10. I was able to get the forward bulkhead into its proper place. It’s still sitting a bit elevated, which I attribute to the rounding of the inside keel when thickened epoxy and two strips of fiberglass were installed. I think I will dremel out a small amount of material to allow the bulkhead to sit better. I also have a few questions about the drain channel hardwood supports for the box in the forward casting platform. Will a butt joint with thickened epoxy work to properly join these pieces? With regard to the athwartship hardwood piece mentioned above, this looks like it will run flush with the inboard hull stringers? Does the set back of the athwartship piece meet the hull stringers the distance back from the vertical bulkhead #2? If so, I have a 1/2” on either side where I have to widen the hull. See here:
  11. Ok, I have still been working, albeit slowly. The temps have been getting to the 50s the last few weeks and it certainly extends the set up time for the epoxy. I have 3 full coats on the whole interior of the boat and all the large pieces (and some of the small pieces too). I sanded areas that would be joined to the interior before installing. I used drywall screws to position the longitudinals as well as the centerframe. I sunk the screws an 1/8” into the inside hull to properly position the pieces then filleted thickened epoxy into the joints. It worked nicely. I’m having a bit of difficulty installing bulkhead 2 (the forward bulkhead). I clamped some sacrificial strips of wood to the interior hull above where this bulkhead is to be installed. I then pounded in a 2x4 to widen the hull to allow the piece to fit. I can’t exactly get a good fit and the piece is installed in there under a lot of pressure. I have a few options: 1. “Modify” the bulkhead to make it fit. 2. Continue to further widen the hull laterally to allow it to sit properly. 3. A combination of 1. & 2. The casting platform will be installed on top of this and I’m not sure what will take the flex out of the bulkhead unless I do something like above. Any and all advice is welcomed.
  12. Alan, thanks for all this information. I’ll check out the store for supplies. I have the whole interior and most large pieces coated with three layers of epoxy. I sanded in between one of the coats and hot coated the other two. It actually went very fast and I’m close to the stage of actually assembling the insides. Would priming everything I epoxied (boat interior and most large pieces) now make sense? I would still need to grind down areas that would be assembled - bottoms, corners, etc for filleting and taping. Before: After:
  13. That's good to hear and in-line with other advice I received. I really don't have a place to spray and would rather not atomize the paint, so brushing it will be. To be specific, this is what I plan on using: AWL-D8001 545 epoxy primer AWL-D3001 545 epoxy primer converter AWL-T0031 topcoat brushing reducer The 545 epoxy primer and converter will be mixed 1:1, then reduced 10% for brushing. AWL-F8215 AWLCRAFT 2000 in cloud white AWL-H3002 AWLCAT #3 topcoat brushing converter The topcoat will be mixed 2:1 (base/H3002) then reduced with T0031. Since this stuff is expensive, and I'd like to be clean, do we use syringes to measure? Or just pour into calibrated mixing containers?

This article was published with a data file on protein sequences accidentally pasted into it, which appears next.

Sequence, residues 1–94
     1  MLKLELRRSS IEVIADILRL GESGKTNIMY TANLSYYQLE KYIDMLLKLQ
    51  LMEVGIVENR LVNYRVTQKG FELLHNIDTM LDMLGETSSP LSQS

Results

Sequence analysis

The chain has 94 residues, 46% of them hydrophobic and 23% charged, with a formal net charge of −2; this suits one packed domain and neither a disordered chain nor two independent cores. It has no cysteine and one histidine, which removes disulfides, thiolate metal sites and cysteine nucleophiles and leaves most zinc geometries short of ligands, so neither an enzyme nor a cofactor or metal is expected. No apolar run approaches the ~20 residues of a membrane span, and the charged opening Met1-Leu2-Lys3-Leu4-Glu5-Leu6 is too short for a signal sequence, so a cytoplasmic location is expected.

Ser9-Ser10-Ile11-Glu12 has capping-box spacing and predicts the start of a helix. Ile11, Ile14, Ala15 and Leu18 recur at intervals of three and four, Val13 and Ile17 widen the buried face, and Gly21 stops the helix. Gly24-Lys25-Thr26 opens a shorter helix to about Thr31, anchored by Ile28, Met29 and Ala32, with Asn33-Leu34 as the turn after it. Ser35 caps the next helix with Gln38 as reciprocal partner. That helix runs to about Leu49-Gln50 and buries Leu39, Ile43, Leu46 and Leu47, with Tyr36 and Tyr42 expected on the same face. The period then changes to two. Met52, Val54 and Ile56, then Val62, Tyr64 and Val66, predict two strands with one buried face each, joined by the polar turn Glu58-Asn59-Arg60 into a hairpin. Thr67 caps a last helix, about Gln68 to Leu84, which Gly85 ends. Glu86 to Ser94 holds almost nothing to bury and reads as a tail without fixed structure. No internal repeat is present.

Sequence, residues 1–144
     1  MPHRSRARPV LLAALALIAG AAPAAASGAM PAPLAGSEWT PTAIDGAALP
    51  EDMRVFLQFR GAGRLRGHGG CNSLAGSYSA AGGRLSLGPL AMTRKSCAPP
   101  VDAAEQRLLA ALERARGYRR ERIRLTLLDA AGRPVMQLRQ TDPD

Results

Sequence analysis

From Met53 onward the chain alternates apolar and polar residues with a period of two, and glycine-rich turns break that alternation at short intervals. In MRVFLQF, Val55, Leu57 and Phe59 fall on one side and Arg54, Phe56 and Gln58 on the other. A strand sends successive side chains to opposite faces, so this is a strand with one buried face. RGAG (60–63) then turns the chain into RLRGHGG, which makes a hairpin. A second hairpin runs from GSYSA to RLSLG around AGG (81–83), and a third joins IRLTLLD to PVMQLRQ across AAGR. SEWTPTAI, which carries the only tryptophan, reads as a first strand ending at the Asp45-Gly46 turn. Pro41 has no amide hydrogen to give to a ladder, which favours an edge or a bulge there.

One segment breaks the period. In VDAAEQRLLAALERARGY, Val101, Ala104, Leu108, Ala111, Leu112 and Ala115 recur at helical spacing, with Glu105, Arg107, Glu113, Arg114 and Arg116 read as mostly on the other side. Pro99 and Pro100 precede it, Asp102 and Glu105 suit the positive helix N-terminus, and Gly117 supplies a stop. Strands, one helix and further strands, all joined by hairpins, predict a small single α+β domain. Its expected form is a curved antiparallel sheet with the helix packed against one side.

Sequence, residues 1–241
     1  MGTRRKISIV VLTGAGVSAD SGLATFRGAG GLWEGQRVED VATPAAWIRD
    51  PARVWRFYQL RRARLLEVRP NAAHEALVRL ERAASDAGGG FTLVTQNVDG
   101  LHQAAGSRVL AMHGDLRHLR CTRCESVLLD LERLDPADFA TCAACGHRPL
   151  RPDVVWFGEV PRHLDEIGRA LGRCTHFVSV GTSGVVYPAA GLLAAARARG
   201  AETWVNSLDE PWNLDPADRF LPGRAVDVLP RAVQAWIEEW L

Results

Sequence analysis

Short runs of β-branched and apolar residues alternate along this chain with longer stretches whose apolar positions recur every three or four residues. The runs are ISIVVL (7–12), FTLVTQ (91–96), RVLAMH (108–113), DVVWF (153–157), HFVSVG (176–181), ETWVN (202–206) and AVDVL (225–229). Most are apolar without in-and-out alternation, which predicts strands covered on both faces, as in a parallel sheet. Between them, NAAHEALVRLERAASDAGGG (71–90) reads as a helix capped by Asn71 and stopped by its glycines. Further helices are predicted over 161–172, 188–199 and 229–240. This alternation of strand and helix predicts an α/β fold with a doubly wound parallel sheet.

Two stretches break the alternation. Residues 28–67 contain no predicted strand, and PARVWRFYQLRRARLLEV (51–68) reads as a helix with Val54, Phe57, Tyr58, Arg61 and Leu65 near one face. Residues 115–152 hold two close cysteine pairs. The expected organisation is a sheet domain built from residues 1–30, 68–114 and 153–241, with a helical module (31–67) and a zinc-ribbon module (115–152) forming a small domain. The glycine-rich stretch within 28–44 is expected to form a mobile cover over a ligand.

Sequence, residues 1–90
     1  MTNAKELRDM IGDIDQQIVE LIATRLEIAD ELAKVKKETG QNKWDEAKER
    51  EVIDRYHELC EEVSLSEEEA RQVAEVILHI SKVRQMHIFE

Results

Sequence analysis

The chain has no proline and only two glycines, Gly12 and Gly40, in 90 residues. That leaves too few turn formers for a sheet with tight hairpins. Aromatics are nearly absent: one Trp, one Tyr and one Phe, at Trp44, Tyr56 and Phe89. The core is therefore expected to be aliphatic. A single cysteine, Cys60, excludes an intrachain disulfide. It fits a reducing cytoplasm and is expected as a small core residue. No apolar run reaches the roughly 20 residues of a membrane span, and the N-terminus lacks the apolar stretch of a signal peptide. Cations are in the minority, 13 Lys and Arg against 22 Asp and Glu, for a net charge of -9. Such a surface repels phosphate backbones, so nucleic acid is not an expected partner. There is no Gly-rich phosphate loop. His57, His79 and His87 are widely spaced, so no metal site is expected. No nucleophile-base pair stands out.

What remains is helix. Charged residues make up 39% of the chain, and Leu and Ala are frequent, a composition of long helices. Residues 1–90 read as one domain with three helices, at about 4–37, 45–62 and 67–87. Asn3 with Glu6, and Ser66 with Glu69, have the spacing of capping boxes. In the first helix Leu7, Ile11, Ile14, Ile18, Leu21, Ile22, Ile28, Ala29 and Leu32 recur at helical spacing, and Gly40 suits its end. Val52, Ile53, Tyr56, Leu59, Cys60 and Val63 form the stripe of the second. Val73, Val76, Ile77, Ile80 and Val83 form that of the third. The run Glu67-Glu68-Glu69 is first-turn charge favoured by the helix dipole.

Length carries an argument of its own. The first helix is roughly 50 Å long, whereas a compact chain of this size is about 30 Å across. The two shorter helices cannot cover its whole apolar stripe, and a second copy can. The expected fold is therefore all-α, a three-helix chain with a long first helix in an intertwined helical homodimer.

14. The bulkheads, longitudinals, seat tops and fore deck have received 3 coats of epoxy. I applied the first coat, then sanded. As Alan mentioned, sanding with 150 first would have been smarter, but, I'm learning. I mixed up about 2 cups worth of epoxy and poured it into a disposable paint tray. I was fortunate when I purchased them I left 3 nested in place that I would later realized would be smart. I used a 1/8" nap foam roller and got an even coat applied in no time. I remembered a heat gun I had would come in hand to knock down the air bubbled the foam roller incorporated into the epoxy coat. 4-5 hours later, when the epoxy was still tacky, I applied another coat. All the pieces got flipped, then the same process took place for the other side. I realized why leaving 3 disposable paint trays nested in place would prove to be smart - I left the used roller in the tray to dry up a bit before I removed it. I waited a bit too long and since the trays are made with very thin plastic, I cracked and removed some of the tray when trying to remove the roller with partially cured epoxy. The two trays underneath it are the backups - lesson learned. I preparation for installing the fore deck, I also removed a section of fillet from the top inside of the stem to allow the fore deck to fit. I have also decided on topside paint: AWL GRIP 2 part epoxy primer and AWLCRAFT 2000 topcoat. I plan on testing this out in the forward compartments and also under the seat tops, where the insulation will go. These areas will not be seen and it will allow me to become comfortable using the paint/primer/reducer. Next step is to install the center frame bulkhead and the longitudinals bulkheads, sand down the areas that will be filleted then get the fiberglass tape into place.
  15. All great info but above, in particular. I should have known it would be easier to sand ply than epoxy by now. All the sections I mentioned will be 3 coats of epoxy before paint. I’ll rough up the perimeters where I will apply the glass tape before install.